The note was prepared by the PCAOB’s Office of Research and Analysis (ORA) and identified 159 companies from China that came to market in the U.S. through reverse mergers.  It  found that U.S. based accounting firms audited 74% of the reverse mergers, while China based firms (including Hong Kong) audited 24%.  The research note makes no policy recommendations. 

The note is focused on the reverse merger market, and accordingly does not provide any information about the much larger (by market capitalization) market of companies that have come to market through traditional IPOs and which are typically listed on NASDAQ or the NYSE.   It also limits the data to companies that came to market between January 1, 2007 and March 31, 2010. 

A call to action: Plugging the regulatory holes

China MediaExpress Holdings, Inc. (NASDAQ: CCME) reported that its registered independent accounting firm, Deloitte Touche Tohmatsu (DTT) has formally resigned as of March 11, 2011.    CCME CFO Jacky Lam subsequently resigned.   CCME had been under attack since February 3, 2011 when Muddy Waters Research issued a report alleging that the company was a fraud.  Muddy Waters and other short sellers have created a cottage industry outing fraudulent Chinese companies listed on U.S. exchanges.  

According CCME’s press release, Deloitte advised the company that it was no longer able to rely on the representations of management – code words that suggest that management was less than truthful in statements made in the all important representation letter where management takes responsibility for the financial statements.  Auditors have limited responsibility for detecting fraud and rely heavily on management integrity when they conduct their audits.   If you cannot trust management, you cannot trust the financial statements. DTT also told the company that it recommended that certain issues encountered during the audit be addressed by an independent investigation. DTT's resignation letter also stated that these issues may have adverse implications for the prior periods' financial reports and that, in their view, further investigatory procedures would be required to determine whether the prior periods' financial reports are reliable.  The  company has launched the necessary investigation and says their annual report might be delayed a month or more while they work through that and find a new CFO and auditor.  Good luck with that.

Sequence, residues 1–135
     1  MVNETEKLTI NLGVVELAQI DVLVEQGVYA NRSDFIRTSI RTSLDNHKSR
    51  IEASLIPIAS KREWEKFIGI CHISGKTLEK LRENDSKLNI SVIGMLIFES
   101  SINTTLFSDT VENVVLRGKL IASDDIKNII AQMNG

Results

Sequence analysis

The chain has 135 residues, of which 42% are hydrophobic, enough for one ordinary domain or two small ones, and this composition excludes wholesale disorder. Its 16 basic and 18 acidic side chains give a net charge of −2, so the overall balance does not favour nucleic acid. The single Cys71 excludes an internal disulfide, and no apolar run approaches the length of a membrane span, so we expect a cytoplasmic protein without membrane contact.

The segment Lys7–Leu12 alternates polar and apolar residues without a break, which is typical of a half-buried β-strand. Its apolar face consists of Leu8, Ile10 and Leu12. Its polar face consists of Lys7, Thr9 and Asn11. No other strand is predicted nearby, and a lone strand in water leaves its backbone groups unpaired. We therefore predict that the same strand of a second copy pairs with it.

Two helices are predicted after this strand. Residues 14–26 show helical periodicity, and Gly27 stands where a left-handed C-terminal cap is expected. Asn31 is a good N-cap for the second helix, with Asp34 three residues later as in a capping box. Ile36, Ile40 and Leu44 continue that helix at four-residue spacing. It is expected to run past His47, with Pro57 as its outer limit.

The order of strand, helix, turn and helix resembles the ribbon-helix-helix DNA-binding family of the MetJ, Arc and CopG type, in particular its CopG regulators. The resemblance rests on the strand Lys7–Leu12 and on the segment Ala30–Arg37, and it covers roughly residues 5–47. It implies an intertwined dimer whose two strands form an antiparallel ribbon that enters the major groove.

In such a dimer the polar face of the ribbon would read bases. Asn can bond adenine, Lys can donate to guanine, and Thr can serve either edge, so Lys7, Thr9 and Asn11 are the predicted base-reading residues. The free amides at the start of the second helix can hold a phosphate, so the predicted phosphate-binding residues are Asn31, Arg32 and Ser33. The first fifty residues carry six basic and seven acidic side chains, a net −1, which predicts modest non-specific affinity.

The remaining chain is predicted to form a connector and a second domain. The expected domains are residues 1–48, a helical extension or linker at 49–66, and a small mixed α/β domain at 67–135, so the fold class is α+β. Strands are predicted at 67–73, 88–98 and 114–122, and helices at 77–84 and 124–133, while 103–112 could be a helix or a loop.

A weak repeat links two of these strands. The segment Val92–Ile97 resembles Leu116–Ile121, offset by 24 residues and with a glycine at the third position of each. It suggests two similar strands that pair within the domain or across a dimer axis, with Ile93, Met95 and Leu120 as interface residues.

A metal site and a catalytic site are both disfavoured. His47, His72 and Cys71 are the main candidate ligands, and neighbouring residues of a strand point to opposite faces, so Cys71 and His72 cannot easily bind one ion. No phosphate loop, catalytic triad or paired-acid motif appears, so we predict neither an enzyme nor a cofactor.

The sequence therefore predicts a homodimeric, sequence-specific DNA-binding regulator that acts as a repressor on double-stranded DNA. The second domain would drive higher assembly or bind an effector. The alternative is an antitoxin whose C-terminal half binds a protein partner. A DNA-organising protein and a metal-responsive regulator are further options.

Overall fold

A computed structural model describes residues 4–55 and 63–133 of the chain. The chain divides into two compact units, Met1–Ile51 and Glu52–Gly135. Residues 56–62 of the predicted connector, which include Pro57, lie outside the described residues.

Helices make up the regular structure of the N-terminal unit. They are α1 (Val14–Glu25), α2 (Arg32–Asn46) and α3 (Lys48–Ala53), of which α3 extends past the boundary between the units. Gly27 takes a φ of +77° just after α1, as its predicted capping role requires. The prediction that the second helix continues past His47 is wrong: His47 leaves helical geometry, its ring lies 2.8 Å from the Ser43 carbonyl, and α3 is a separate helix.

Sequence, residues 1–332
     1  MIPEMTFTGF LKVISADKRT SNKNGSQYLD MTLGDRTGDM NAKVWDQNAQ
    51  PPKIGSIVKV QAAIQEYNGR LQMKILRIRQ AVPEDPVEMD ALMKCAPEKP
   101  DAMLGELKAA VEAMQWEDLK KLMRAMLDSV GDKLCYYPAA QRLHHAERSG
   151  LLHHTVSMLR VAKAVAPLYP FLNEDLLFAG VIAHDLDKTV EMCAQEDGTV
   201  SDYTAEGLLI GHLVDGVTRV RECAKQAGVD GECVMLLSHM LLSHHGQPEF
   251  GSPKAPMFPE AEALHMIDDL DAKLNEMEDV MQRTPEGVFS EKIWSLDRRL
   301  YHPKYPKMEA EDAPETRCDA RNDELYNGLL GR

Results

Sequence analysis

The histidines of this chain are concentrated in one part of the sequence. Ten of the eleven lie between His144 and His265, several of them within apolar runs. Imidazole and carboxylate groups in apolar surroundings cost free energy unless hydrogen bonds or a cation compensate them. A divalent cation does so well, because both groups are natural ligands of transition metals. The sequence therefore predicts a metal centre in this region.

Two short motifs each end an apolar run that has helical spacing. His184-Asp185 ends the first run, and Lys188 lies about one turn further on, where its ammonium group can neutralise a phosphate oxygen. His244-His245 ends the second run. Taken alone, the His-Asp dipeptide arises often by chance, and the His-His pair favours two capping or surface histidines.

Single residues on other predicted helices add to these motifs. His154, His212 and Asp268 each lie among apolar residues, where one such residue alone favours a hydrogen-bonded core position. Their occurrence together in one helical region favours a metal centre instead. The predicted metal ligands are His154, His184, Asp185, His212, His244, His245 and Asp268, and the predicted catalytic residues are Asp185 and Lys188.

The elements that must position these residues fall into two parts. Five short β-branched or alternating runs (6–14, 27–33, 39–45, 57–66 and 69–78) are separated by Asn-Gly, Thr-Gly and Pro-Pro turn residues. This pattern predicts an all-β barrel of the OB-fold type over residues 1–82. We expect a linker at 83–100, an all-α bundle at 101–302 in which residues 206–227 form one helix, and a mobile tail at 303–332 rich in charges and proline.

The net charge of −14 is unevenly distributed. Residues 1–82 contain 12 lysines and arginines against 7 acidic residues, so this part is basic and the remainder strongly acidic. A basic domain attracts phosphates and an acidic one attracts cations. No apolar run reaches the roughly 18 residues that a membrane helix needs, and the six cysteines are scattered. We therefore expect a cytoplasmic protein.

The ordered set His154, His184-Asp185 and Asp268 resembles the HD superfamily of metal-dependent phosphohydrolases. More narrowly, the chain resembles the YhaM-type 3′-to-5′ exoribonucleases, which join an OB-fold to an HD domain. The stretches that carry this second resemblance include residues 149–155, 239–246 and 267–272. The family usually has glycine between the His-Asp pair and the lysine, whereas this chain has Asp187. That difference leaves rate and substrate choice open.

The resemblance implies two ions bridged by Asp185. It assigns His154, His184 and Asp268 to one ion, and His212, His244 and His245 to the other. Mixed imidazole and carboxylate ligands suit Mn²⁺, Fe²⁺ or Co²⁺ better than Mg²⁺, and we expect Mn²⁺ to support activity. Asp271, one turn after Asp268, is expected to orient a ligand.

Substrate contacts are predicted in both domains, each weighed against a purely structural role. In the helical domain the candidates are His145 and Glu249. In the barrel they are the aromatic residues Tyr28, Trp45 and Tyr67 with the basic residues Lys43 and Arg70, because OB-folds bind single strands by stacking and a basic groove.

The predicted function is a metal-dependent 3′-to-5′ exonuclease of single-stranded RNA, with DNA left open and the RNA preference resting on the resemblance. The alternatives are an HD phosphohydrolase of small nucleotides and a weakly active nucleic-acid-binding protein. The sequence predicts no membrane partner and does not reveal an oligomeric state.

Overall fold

The emperor's new suit: VIEs in China

“But he has nothing on at all,” said a little child at last. “Good heavens! Listen to the voice of an innocent child,” said the father, and one whispered to the other what the child had said. “But he has nothing on at all,” cried at last the whole people. That made a deep impression upon the emperor, for it seemed to him that they were right; but he thought to himself, “Now I must bear up to the end.” And the chamberlains walked with still greater dignity, as if they carried the train, which did not exist.

Hans Christian Andersen, The Emperor’s New Suit, 1837.

Ever since China opened up to the world in 1978, investors have fallen into the trap of treating China like a fairy tale.  “China is different”, they say as they proceed to check their experience and logic at the border and accept claims that the normal rules that operate everywhere else in the world do not apply in China. Many have left China with their tail between their legs, having taken a terrible beating for making fundamental business mistakes.